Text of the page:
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The world's largest living species of fish, whale sharks are internationally recognized as vulnerable, facing threats from commercial fishing and habitat destruction. In the summer months, as many as 300 whale sharks gather north of Isla Mujeres, off Cancun, and farther north near Holbox, Mexico. These gentle giants are welcoming to human visitors, and many divers have experienced the thrill of swimming with them. Trouble is, several times a week, huge cargo ships travel through congregation sites, sometimes striking the slow-moving creatures. Currently, there are no demarcation buoys to create shipping lanes and warn ship captains to stay clear because of the vulnerable whale sharks. Seacology is working with local guides to deploy a series of state-of-the-art demarcation buoys complete with GPS transponders that will warn ships to stay clear. Once these buoys are deployed, official navigation charts would also denote the area as a whale shark reserve.
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Seacology has teamed up with Undercurrent, a leading dive magazine, to help protect the whale sharks that make their home around Mexico. Undercurrent subscribers have already contributed nearly $6,000 toward the $45,000 needed for the buoy project, and the local tour operators, hotels, and other businesses in the area will be donating up to half the cost, as long as Seacology can raise the rest. Now, for every dollar you give to this project, Undercurrent subscriber Elaine Mathews of Long Beach, California, will match it with a dollar of her own, up to $5000. That's right; your tax-deductible contribution will be doubled. Please help protect these gentle giants, by donating to Seacology. Be sure to note that your tax-deductible donation is for the whale shark buoy project. Remember, every dollar you give will be doubled, thanks to the generosity of Elaine Mathews' matching gift. Please donate now to help save the whale sharks!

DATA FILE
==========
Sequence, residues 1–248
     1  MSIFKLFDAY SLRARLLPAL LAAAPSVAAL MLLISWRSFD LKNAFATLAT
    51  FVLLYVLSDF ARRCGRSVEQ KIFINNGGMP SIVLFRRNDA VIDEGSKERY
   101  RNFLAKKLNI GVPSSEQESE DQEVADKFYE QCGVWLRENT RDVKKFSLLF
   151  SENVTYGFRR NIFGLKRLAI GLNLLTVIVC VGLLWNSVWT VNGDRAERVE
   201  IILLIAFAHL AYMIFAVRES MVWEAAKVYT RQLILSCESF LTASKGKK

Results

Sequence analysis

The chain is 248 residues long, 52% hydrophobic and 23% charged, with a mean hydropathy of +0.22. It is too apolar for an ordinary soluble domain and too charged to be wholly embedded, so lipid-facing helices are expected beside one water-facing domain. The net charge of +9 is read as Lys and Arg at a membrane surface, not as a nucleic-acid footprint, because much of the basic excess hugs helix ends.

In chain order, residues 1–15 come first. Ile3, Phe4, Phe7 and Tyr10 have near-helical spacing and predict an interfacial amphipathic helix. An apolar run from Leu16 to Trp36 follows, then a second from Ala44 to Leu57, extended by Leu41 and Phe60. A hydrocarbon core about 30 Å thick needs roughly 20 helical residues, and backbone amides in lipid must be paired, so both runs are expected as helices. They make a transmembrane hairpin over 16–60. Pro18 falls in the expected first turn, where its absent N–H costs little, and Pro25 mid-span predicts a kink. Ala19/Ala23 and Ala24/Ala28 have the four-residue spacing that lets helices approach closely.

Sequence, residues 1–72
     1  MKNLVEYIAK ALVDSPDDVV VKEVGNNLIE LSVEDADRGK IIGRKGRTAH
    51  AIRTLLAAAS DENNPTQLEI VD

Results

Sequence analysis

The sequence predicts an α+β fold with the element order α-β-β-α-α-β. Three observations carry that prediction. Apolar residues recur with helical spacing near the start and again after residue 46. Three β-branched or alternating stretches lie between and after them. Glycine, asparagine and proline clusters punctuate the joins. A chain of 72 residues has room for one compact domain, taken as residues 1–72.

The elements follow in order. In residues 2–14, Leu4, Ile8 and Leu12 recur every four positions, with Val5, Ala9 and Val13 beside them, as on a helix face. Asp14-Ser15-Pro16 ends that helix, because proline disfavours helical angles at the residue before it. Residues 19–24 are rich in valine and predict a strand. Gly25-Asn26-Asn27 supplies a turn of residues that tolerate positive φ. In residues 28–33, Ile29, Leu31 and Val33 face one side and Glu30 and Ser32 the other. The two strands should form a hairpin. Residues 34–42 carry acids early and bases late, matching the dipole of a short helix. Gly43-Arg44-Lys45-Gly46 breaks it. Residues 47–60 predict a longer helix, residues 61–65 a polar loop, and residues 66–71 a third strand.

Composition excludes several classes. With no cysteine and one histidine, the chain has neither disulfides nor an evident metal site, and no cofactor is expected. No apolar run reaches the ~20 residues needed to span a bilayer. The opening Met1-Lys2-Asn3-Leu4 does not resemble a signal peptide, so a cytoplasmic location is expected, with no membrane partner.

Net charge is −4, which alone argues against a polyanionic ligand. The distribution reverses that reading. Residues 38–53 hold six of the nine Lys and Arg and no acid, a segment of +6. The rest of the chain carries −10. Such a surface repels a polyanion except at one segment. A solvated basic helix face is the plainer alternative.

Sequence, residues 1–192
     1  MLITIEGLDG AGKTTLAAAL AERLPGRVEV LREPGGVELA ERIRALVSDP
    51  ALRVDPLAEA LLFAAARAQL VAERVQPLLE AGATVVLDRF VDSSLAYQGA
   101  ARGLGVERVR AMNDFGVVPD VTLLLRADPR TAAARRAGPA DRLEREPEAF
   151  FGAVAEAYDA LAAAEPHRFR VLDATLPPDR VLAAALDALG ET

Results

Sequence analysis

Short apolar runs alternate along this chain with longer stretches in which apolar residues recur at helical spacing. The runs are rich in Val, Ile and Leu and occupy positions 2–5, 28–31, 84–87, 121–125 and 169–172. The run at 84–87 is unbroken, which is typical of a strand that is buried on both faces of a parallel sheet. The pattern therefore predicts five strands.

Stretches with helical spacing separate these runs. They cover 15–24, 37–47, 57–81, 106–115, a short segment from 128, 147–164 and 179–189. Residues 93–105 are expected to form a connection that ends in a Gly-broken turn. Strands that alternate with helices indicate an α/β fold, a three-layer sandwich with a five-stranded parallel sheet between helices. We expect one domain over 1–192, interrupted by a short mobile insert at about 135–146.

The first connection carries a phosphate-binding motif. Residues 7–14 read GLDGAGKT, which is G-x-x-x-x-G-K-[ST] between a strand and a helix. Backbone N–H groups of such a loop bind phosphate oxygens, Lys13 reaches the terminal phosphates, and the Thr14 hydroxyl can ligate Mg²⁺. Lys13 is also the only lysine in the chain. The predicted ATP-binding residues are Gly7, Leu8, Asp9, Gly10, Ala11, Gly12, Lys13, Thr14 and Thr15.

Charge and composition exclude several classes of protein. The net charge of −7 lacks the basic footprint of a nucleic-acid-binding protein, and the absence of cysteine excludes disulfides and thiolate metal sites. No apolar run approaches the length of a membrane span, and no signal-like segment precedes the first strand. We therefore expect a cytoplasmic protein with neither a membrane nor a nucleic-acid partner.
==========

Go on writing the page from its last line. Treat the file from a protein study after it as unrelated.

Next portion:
Whale Sharks In Mexico

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Next time you are in Mexico and someone asks you to play with dominoes, you may be in for a very large surprise.  Due to the many white spots that mark their gray bodies, in Mexico the common nickname for  whale sharks is "dominoes."  Indeed these gentle giants do resemble dominoes - very, very large ones, that is.  At up to 48 feet in length and weighing up to 25 tons, whale sharks, or Rhincodon Typus as they are known to scientists, are the world's largest fish.  Despite their enormous size, comparatively little is known about them.  One of the reasons for this is that there are not large numbers of them left in the oceans and for much of the year they are solitary animals.